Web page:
BNSF CEO says railroad will hire 5,000 workers in 2014

03/18/2014 11:27 AM

03/18/2014 11:28 AM

Fort Worth-based BNSF Railway plans to add 500 locomotives and hire 5,000 workers this year to handle increasing demands on its sprawling network, the company’s president and CEO said Tuesday.

In an interview with CNBC, Carl Ice said that the new jobs will be spread across the railroad’s network but that the most new hires will work on train crews being added to serve its growing business.

Ice’s public comments followed a report in Friday’s Wall Street Journal that growing oil volumes, a big grain harvest and bad winter weather have left the railroad without enough capacity, creating delays in its network.

Ice said increasing crude-by-rail shipments are not to blame for delayed shipments of other commodities, saying oil represents only 4 percent of BNSF’s business. Shipments of grain, coal and other goods surged in the fourth quarter, he said, and then winter storms caused a slowdown.

“All of our customers are important to us,” he said. “We’re investing to handle increased volumes.”

In all, BNSF plans to spend $5 billion in capital investment this year, $1 billion more than last year and a record for the railroad.

The hiring will include about 2,000 new jobs, with the rest replacing people who are retiring, spokesman Steven Forsberg said. BNSF has more than 41,000 employees, about 3,500 in the Fort Worth area, including its headquarters off Western Center Boulevard and a large intermodal shipping facility at Alliance. The company did not say how many jobs will be added locally.

BNSF has been steadily growing in recent years, spurred by the improving economy and a burgeoning business moving crude oil by rail from domestic fields such as the Bakken Shale in North Dakota. Last month, the company announced that it will buy a fleet of 5,000 next-generation tank cars with enhanced safety features to transport crude oil, following a string of derailments that resulted in massive explosions.

But its other businesses are still far larger than oil and account for more volume growth. Consumer products, moving through its intermodal terminals that connect with trucks, make up the largest segment on BNSF’s network, accounting for about half its traffic, Forsberg said.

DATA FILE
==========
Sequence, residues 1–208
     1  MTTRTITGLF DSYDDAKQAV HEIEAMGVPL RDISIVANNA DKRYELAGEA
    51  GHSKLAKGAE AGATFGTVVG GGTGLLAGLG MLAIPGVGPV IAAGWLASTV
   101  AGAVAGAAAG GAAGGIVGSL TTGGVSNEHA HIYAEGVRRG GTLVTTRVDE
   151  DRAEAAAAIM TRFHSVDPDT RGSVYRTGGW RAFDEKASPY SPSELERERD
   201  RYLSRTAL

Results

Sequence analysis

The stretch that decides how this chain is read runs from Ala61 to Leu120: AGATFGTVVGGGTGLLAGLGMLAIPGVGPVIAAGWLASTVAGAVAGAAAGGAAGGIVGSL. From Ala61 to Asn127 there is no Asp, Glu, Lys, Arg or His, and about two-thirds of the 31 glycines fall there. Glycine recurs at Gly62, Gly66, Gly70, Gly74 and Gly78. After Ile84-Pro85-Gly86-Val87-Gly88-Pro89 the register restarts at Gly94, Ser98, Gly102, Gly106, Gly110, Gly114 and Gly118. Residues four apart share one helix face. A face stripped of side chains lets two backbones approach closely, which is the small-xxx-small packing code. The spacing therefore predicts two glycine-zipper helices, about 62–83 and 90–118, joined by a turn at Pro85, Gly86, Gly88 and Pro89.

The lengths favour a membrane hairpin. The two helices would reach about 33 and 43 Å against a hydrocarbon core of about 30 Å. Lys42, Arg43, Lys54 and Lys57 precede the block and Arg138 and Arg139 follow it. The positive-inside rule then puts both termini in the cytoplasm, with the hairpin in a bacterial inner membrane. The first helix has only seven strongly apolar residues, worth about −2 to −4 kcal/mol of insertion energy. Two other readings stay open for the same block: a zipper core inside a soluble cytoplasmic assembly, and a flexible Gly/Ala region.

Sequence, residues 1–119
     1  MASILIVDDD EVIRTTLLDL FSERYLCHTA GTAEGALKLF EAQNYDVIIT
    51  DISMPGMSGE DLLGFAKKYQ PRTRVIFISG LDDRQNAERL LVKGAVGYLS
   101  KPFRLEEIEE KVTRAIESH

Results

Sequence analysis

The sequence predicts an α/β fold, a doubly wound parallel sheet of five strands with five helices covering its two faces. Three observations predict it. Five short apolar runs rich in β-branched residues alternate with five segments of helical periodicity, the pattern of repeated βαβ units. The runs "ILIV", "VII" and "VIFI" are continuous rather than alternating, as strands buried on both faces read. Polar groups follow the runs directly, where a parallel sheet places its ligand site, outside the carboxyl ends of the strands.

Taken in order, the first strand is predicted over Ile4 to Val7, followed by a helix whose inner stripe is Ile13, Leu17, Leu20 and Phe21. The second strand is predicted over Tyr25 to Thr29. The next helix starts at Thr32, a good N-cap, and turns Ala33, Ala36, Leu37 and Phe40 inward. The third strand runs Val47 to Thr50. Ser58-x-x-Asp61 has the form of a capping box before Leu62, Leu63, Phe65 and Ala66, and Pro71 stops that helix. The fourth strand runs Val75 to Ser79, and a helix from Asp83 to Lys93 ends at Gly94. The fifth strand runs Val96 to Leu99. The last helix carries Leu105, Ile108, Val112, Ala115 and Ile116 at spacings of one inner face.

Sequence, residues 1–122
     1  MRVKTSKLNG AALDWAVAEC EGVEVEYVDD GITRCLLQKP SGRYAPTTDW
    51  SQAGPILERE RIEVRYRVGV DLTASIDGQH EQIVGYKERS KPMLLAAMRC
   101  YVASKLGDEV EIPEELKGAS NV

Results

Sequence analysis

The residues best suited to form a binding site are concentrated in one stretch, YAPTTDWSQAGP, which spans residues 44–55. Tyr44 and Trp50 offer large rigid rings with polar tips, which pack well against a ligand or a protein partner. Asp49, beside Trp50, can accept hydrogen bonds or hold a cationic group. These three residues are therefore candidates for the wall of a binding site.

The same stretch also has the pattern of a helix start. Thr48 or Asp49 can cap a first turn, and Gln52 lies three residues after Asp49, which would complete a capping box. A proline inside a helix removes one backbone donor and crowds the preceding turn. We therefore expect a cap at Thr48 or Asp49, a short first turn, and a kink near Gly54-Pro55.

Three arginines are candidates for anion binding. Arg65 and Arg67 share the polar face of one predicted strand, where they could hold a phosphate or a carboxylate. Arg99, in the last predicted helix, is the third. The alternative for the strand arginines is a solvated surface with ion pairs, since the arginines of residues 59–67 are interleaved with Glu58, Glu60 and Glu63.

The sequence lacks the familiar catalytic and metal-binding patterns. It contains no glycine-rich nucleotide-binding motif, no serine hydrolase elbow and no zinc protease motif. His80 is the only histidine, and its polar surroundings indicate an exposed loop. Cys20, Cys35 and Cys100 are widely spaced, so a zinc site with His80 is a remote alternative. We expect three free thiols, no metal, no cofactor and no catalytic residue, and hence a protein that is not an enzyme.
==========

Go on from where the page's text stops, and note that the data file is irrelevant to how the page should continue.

In all, Ice said, the industry added 800,000 freight units last year, and BNSF handled half of the additional load.

Other railroads are also dealing with shipping backups. Union Pacific has deployed as many as 250 stored locomotives to boost its capacity and Norfolk Southern has pulled out more than 100, according to Bloomberg News.

Jason Seidl, an analyst with Cowen & Co., said the congestion at BNSF started with equipment shortages and increasing cargo, then worsened with snowstorms.

“A lot of business came their way and they sort of got behind the eight ball,” he told Bloomberg News. “Then the weather hit and the rest is history as they say.”

Forsberg said northern distribution centers like Chicago have seen record snowfall this winter that has disrupted freight movements for long periods of time. In response, BNSF has staffed 24-hour command centers to coordinate train flows and redeploy manpower and equipment to hard-hit areas.

“We recognize the severe impact this has had on both freight customers and passenger service on the Northern Corridor and we are committed to restoring service levels as quickly as possible,” Forsberg said.

Ice, 57, took over the CEO post from Matt Rose on Jan. 1. Rose, 54, who led the company as CEO since 2000, now serves as executive chairman of BNSF, which is owned by Warren Buffett’s Berkshire Hathaway.

In 2013, net income surged nearly 15 percent to $4.27 billion as revenues grew by 5.2 percent to $21.55 billion, according to a filing made with the Securities and Exchange Commission earlier this month.

Ice said the U.S. economy is showing broad-based growth and that BNSF wouldn’t argue with economists who estimate that GDP is growing at a rate of 2.5 percent a year or more.

This article includes material from Bloomberg News.

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